NATO picks 44 companies for DIANA projects

The first cohort has been selected for the Defense Innovation Accelerator for the North Atlantic.
A NATO flag is set up prior to the signing ceremony of the law, ratifying the NATO Protocol on Finland and Sweden's membership, on board the Polish Navy frigate ORP Kosciuszko in Gdynia in July 22, 2022. (Photo by MATEUSZ SLODKOWSKI/AFP via Getty Images)

NATO tapped 44 organizations to address challenges related to undersea sensing and surveillance, secure information-sharing and energy resilience as part of the first cohort of the alliance’s Defense Innovation Accelerator for the North Atlantic (DIANA) initiative.

DIANA was set up to boost cooperation on emerging technologies and foster a transatlantic innovation network.

Through the initiative, the alliance will play an active role in supporting startups and other players in the high-tech sector that are working on dual-use technologies, a senior NATO official told reporters Thursday during a Defense Writers Group meeting in Washington. The official spoke to the media on condition of anonymity.

“It is a way really to bring together academia, private sector, government and … military users of those technologies together on a transatlantic basis. So, think of a transatlantic DARPA with innovation centers all over the alliance,” the official said.


More than 15 centers have already been established, they noted.

“This year, DIANA went from setting up the centers where we bring together these different parts of society and recognizing that that’s critical to advancing innovations, to actually actively supporting a number of startups and early innovators in implementing their own projects,” the official said. “I think it’s a really interesting example of how you can use an organization like NATO to reach out beyond the traditional defense sector.”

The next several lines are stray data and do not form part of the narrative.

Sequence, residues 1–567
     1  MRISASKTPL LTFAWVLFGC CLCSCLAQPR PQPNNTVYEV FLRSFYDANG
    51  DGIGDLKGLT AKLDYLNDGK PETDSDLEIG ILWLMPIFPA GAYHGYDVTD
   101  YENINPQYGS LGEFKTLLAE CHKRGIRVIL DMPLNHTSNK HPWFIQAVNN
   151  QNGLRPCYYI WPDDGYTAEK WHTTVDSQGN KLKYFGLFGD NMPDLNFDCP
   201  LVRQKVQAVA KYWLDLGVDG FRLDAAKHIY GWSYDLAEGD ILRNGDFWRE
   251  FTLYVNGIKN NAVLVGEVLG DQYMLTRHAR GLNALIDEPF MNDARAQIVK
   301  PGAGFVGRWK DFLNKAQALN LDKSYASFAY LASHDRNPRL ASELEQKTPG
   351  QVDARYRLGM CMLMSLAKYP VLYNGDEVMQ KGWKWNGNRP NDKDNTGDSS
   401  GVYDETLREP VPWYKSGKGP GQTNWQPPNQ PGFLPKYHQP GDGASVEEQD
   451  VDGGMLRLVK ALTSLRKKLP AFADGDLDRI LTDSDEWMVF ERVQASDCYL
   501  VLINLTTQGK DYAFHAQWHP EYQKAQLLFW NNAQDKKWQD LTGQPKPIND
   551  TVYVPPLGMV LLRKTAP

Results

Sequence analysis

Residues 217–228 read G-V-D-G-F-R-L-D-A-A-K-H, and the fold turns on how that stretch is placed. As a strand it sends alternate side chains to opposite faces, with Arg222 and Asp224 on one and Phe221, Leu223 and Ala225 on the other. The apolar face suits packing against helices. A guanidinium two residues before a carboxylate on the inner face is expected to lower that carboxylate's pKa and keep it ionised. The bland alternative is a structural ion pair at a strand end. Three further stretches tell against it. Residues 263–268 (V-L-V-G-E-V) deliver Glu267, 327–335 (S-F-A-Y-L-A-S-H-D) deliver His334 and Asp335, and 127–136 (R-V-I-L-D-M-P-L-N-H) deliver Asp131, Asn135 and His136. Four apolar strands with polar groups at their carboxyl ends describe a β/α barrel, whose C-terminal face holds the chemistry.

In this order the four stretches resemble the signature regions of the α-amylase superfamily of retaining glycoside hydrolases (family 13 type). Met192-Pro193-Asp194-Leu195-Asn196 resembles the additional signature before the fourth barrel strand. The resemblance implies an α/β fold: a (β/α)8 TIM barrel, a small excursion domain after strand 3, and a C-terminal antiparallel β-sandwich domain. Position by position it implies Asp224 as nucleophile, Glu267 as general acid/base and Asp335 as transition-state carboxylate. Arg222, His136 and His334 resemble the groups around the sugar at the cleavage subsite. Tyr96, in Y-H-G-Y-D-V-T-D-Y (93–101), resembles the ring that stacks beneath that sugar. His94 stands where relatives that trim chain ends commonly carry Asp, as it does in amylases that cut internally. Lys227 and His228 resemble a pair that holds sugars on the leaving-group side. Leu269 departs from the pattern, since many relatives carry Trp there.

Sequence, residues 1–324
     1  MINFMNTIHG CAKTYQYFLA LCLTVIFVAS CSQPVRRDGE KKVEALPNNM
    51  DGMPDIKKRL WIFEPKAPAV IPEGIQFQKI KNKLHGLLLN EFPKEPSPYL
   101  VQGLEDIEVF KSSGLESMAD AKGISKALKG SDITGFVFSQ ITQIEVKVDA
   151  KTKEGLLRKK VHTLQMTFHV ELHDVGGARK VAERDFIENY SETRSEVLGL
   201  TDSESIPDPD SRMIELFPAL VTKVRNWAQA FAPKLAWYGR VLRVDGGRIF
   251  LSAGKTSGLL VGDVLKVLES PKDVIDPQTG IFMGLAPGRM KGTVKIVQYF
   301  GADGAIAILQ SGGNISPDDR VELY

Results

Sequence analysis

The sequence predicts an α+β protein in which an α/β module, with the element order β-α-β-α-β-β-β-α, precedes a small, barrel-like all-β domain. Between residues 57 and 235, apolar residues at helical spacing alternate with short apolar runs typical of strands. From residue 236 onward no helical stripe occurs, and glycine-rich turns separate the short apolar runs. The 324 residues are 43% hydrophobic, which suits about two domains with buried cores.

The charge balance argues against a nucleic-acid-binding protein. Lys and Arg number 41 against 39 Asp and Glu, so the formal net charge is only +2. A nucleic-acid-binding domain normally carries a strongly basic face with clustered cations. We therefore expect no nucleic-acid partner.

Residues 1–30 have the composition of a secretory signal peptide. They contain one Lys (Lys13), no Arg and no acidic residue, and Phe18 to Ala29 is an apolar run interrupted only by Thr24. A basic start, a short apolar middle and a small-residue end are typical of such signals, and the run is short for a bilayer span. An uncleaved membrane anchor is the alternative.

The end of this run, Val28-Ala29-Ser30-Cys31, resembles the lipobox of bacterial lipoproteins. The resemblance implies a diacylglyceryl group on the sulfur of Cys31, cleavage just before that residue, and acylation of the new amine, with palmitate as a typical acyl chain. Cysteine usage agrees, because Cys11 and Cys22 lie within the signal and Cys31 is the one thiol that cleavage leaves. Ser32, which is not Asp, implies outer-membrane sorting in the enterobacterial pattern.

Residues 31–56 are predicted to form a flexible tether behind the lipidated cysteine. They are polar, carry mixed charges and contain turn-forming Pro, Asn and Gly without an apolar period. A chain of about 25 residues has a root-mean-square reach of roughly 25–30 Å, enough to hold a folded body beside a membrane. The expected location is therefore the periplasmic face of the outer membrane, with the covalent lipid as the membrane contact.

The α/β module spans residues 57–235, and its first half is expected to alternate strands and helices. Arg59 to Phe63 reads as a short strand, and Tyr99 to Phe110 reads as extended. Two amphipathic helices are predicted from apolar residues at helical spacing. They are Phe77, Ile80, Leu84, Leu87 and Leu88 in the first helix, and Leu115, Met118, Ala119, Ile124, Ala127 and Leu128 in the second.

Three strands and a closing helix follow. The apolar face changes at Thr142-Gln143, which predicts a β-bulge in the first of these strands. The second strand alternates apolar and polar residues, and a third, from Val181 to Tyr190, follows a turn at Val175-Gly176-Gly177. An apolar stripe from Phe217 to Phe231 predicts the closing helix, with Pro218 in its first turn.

The alliance kicked off the initial DIANA pilot challenge in June. The 44 companies tapped for the inaugural cohort — which are all headquartered in nations that are members of NATO — won out among more than 1,300 applicants after their proposed solutions were evaluated, according to a press release.

The first grants are expected to be issued this month. Each firm will receive 100,000 euros to help pay for expenses as they develop their technology solutions for one of the three challenge problems, according to the release.

“The first cohort was really just announced days ago. And so they will now be working with DIANA’s mentors to really develop their projects,” the senior NATO official told reporters. “That’s the first time around. And the whole system is set up in a way that is very dynamic. And so it’s going to be learning from this first cohort of innovators and refining every year … The system is built in a way that we will adjust and upgrade and innovate with every single cohort.”

Jon Harper

Written by Jon Harper

Jon Harper is Managing Editor of DefenseScoop, the Scoop News Group’s online publication focused on the Pentagon and its pursuit of new capabilities. He leads an award-winning team of journalists in providing breaking news and in-depth analysis on military technology and the ways in which it is shaping how the Defense Department operates and modernizes. You can also follow him on X (the social media platform formerly known as Twitter) @Jon_Harper_

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